Once a flow is established, available network bandwidth might change or a single party taking part in an established flow might decide to change the requested QOS service level. A renegotiation of allocated resources generates an FD_QOS event to indicate the change to the application. At this point, the application should call SIO_GET_QOS to obtain the new resource levels. We'll revisit QOS event signaling and status information in the section on programming QOS later in this chapter.

 

WSAConnect()

 

A client uses the WSAConnect() function to initiate a unicast QOS connection to a server. WSAConnect() is defined as follows:

 

int WSAConnect (

    SOCKET s,

    const struct sockaddr FAR *name,

    int namelen,

    LPWSABUF lpCallerData,

    LPWSABUF lpCalleeData,

    LPQOS lpSQOS,

    LPQOS lpGQOS

);

 

The requested QOS values are passed as the lpSQOS parameters. Currently, group QOS is not supported or implemented; a null value should be passed for lpGQOS.

The WSAConnect() call can be used with connection-oriented or connectionless sockets. With a connection-oriented socket, this function establishes the connection and also generates the appropriate PATH and/or RESV messages. For connectionless sockets, you must associate an endpoint's address with the socket so that the service provider knows where to send PATH and RESV messages. The caveat with using WSAConnect() on a connectionless socket is that only data sent to that destination address will be shaped by the system according to the QOS levels associated with that socket. In other words, if WSAConnect() is used to associate an endpoint on a connectionless socket, data can be transferred only between those two endpoints for the lifetime of the socket. If you need to send data with QOS guarantees to multiple endpoints, use WSAIoctl() and SIO_SET_QOS to specify each new endpoint.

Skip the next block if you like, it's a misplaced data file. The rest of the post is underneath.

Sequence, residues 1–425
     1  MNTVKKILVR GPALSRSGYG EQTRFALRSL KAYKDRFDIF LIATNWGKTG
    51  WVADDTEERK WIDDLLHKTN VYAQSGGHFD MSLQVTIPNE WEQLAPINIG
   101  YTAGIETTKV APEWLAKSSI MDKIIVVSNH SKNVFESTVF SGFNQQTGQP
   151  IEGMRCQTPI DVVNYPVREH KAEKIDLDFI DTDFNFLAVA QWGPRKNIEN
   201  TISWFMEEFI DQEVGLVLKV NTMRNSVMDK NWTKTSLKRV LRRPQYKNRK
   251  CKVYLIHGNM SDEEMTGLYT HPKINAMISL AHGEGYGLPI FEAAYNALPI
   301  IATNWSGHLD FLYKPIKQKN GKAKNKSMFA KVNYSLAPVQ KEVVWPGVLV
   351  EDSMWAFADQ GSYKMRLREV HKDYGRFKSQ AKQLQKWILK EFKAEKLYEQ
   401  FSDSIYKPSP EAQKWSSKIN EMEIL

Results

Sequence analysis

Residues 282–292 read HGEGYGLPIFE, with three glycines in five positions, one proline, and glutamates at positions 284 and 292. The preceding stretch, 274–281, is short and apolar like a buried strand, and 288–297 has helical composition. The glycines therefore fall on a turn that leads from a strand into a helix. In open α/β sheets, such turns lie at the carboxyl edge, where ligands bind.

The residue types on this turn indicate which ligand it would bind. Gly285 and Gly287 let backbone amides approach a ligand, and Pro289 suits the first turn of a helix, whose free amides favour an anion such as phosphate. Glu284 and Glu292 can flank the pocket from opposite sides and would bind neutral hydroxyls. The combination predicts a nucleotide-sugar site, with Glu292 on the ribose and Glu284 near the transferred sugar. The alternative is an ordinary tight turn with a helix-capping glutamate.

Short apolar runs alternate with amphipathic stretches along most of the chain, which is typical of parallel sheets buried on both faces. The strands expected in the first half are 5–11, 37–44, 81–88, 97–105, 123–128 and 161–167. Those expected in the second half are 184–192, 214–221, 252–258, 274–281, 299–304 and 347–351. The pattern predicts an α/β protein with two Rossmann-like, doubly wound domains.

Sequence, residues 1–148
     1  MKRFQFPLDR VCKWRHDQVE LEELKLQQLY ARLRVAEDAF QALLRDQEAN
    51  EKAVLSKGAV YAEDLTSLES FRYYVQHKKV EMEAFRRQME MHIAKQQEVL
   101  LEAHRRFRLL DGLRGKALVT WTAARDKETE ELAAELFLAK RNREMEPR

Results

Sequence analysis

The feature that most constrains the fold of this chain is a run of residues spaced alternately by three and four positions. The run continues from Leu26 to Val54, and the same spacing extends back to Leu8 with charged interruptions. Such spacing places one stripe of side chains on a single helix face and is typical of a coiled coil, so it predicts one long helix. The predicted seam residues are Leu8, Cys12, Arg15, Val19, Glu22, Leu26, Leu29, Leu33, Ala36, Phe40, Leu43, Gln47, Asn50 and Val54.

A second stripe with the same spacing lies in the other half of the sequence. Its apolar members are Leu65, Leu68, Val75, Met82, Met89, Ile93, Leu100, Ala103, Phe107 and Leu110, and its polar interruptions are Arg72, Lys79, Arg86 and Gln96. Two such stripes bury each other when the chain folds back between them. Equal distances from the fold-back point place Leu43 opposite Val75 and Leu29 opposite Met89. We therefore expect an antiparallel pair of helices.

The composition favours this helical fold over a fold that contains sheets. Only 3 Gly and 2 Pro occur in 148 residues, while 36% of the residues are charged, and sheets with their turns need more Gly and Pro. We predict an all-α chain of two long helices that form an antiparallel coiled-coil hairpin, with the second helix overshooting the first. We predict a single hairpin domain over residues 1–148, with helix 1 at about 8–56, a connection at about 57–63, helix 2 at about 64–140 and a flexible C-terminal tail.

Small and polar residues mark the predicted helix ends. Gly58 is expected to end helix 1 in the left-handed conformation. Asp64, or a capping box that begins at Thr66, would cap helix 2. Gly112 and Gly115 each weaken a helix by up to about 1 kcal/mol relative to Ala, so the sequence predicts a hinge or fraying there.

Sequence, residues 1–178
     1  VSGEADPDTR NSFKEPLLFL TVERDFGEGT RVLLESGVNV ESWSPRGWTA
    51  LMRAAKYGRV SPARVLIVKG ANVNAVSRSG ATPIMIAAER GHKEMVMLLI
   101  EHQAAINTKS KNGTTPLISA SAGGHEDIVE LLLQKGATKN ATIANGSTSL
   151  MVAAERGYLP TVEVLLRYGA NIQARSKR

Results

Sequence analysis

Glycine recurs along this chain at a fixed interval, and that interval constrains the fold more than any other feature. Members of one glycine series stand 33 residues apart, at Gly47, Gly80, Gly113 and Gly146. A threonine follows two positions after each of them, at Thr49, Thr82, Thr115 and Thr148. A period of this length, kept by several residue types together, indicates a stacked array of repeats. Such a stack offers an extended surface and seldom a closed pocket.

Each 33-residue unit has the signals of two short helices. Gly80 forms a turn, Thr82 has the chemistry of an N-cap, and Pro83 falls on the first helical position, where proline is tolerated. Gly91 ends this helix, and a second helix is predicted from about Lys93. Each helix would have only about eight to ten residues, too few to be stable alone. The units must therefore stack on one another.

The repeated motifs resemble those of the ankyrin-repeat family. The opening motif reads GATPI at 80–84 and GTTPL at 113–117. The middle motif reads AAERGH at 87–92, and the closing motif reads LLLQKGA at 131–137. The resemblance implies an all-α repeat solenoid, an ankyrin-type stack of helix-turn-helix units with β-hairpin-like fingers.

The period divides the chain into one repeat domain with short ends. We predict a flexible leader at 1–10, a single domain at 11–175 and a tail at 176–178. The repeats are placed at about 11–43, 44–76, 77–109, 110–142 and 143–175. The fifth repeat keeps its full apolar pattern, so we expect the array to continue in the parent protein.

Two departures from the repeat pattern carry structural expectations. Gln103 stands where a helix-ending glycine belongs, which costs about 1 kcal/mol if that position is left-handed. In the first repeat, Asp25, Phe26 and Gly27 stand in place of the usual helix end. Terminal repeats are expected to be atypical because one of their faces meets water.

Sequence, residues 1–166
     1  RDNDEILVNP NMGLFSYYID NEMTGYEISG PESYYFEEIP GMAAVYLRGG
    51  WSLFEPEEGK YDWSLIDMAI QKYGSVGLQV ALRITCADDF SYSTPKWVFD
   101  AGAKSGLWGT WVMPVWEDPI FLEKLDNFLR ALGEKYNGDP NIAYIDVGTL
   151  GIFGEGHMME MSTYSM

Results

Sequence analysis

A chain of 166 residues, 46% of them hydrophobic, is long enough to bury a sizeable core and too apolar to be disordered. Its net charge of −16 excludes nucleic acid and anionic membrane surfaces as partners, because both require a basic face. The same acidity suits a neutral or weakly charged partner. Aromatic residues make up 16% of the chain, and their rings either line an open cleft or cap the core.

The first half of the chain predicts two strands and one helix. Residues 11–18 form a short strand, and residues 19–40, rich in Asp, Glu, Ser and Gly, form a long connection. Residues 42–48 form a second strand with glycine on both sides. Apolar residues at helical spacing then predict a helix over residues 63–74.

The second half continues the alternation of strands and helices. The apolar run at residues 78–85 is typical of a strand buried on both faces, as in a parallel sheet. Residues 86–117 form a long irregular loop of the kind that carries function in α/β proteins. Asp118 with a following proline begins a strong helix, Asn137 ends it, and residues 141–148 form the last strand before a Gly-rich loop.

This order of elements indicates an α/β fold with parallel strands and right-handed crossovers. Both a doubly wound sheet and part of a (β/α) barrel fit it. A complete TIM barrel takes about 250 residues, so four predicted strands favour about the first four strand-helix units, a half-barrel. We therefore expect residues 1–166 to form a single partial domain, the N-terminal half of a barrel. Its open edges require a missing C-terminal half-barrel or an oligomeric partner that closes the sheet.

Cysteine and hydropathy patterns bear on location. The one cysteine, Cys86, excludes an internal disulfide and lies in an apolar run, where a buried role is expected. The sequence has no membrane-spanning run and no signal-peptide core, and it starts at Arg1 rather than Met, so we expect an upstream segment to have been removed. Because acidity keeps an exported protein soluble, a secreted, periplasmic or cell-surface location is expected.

WSAAccept()

 

The WSAAccept() function accepts a client connection that can be QOS-enabled. The prototype for the function is as follows:

 

SOCKET WSAAccept(

    SOCKET s,

    struct sockaddr FAR *addr,

    LPINT  addrlen,

    LPCONDITIONPROC lpfnCondition,

    DWORD  dwCallbackData

);

 

If you want to supply a conditional function, you must prototype it as:

 

int CALLBACK ConditionalFunc(

    LPWSABUF lpCallerId,

    LPWSABUF lpCallerData,

    LPQOS lpSQOS,

    LPQOS lpGQOS,

    LPWSABUF lpCalleeId,

    LPWSABUF lpCalleeData,

    GROUP FAR *g,

    DWORD dwCallbackData

);

 

The drawback is that the QOS service provider does not guarantee to return the actual QOS values that the client requests as the lpSQOS parameter, so to enable QOS on the client socket, WSAIoctl() with SIO_SET_QOS must be called before or after WSAAccept(). If QOS is set on the listening socket, those values will be copied over to the client socket by default.